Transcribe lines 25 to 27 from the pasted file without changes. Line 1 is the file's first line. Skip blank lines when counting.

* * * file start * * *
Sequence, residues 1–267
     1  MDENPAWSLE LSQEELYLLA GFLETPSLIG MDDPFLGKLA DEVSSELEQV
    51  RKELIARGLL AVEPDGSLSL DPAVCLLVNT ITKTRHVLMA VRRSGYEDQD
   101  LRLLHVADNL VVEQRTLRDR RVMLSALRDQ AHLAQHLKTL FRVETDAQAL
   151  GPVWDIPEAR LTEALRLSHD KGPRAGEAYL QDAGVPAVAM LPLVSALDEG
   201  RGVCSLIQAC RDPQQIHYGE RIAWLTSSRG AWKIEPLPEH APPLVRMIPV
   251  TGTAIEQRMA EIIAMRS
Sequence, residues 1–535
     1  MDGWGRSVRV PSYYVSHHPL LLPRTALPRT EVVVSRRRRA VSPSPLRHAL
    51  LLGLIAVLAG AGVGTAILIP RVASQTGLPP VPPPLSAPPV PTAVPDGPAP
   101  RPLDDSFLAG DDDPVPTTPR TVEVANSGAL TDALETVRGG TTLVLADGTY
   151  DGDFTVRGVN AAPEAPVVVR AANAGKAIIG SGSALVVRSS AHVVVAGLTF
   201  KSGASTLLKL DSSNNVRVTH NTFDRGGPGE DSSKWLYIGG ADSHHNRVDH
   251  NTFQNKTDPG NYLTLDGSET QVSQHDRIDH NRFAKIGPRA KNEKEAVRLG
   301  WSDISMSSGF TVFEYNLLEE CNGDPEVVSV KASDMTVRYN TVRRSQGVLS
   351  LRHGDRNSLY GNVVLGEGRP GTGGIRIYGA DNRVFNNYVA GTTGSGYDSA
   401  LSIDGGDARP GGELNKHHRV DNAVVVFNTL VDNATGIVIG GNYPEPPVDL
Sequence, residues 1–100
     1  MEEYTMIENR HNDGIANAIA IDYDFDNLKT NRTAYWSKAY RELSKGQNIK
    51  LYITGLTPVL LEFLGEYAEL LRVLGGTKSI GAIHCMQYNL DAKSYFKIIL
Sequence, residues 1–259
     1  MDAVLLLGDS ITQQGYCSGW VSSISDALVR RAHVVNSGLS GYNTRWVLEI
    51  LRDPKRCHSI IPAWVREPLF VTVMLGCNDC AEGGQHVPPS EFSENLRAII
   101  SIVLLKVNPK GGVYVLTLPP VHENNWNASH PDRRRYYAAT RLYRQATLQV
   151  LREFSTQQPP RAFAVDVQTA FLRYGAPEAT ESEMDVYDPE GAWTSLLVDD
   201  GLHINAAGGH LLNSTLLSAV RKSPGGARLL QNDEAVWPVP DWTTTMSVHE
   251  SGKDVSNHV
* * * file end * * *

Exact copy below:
   151  LREFSTQQPP RAFAVDVQTA FLRYGAPEAT ESEMDVYDPE GAWTSLLVDD
   201  GLHINAAGGH LLNSTLLSAV RKSPGGARLL QNDEAVWPVP DWTTTMSVHE
   251  SGKDVSNHV